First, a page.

Wednesday, August 31, 2011

Back to the normal topics

I have to say, I am pleasantly surprised at how popular my last post turned out to be. 14 comments (not counting mine)! I never get double-digit comments. Very fun.

But now I need to return to the regularly scheduled whining about being pregnant (today: with bonus viral illness!) and then tell a funny-but-resigned story about motherhood.

So, first of all, pregnancy: Man, it stinks, eh? Especially when you combine it with a mysterious viral infection that I have dubbed "Entire Body Hurts Except For Your Arms Disease." Because that's pretty much what it is. I'm not stuffy, feverish, nauseated, or congested, I just hurt. Everywhere. I've had a headache for three days, and my back feels like someone has been beating me with a large, heavy stick. I went to the doctor today and they took a throat culture (negative) and some blood (will likely be negative) and basically said, "Yep. Sucks to be you." If I were being fair, I'd admit that I'm paraphrasing their kind words of sympathy, but the essential take-home message was the same: Nothing we can do but wait it out. And dammit, I was really hoping for some magic pills.

So then I went to my mom's and my parents took the kids to ice cream for lunch with their cousins and I took some Tylenol and slept for a while, and fortunately Andrew got home minutes after we did, so I didn't have to do any child raising today. Technically, the TV raised the children this morning, because I am ONLY HUMAN. And now I am lying in bed, internetting, while Andrew wrangles the children into bedtime-readiness. Part of me feels really guilty about listening to him wrangle without helping, but most of me is too distracted by Entire Body Hurts Except For Your Arms Disease.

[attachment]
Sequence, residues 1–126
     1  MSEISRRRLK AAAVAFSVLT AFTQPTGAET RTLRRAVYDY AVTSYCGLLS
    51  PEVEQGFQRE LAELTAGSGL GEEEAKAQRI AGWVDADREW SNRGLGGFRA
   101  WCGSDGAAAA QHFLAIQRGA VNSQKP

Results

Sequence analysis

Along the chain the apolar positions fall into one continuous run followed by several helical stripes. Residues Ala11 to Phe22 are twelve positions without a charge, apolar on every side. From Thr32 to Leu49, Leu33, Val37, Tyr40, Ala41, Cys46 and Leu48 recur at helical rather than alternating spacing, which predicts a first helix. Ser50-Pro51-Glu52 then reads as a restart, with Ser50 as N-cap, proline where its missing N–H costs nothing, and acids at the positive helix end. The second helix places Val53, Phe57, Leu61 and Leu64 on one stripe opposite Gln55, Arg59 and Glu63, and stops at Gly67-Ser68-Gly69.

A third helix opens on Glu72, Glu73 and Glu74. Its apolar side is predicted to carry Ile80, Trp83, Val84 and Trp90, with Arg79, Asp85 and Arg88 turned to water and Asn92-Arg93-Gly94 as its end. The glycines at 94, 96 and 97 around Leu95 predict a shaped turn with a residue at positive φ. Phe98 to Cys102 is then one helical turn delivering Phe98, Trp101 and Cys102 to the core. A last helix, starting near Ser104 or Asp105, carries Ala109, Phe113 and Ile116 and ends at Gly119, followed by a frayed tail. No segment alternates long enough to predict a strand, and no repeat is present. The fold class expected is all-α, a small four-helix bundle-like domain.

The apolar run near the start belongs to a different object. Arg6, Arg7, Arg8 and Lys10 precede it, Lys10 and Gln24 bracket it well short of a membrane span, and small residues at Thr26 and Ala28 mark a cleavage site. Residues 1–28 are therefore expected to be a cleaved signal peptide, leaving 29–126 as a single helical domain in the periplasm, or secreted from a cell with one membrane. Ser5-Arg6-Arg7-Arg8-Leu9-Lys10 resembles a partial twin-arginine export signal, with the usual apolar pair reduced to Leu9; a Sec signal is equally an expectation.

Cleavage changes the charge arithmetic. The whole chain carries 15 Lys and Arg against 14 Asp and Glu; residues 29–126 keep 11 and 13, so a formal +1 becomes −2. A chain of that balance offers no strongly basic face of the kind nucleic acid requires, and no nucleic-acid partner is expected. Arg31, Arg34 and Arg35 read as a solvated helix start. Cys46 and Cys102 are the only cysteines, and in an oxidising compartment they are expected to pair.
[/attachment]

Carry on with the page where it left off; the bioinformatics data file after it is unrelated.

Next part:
Part of the wrangling included a discussion on what Andrew would have to do if Nora's poop (which she naturally did in her overnight diaper, after having already used the potty and gotten into her PJs) rolled off the changing table and fell behind it. (Answer: Andrew would have to move the changing table to clean it up.) The shape and texture of the poop was also a topic, and I was reminded of the last time I went to my sister's house. I told her how, back in the day, I used to think it was just so tasteless for people to say "I have to pee" instead of "I have to go to the bathroom." I was far too classy to ever explain what I would be doing in the bathroom. I always just said I had to go there, and left it at that.

But times change, and now I spend about 40% of my day telling people to check for pee before we leave, don't poop on the floor, you only get ONE M&M for pee in the potty, etc., etc., ad infinitum. I have therefore become the kind of person who announces "I have to pee" every time I have to pee. It started as a way to set an example and became a habit so ingrained that I actually once sent out a Tweet about how I had to pee but was trapped in the office because the kids had forgotten I was there and I didn't want to remind them. A Tweet! I, the high class one, essentially announced "I have to pee" to the ENTIRE WORLD.

At any rate, mere minutes after I sighed to my sister about my lowered standards, I told Jack that we were leaving as soon as I got out of the bathroom.

"OK," he said. "Pee or poop?"

5 comments:

Jessica said...

We just started potty training and it's killing me to have to say things like "Mommy is going to go pee in the potty."

Kelsey said...

Maybe this is wrong (likely) but I thought some government office (Library of Congress?) was recording all the tweets - which means your pee tweet will be part of history - HISTORY! :-)

Rah said...

Your first remark made me realize I should comment more, because I always enjoy your posts. My children are older now, but I do remember what I've come to think of as the bathroom years. Hope your case of EBHEFYA Disease runs a short course.

*^_^* said...

We all are always here to support you.

Affordable Medical Insurance said...

I always enjoy your posts. My children are older now, but I do remember what I've come to think of as the bathroom years.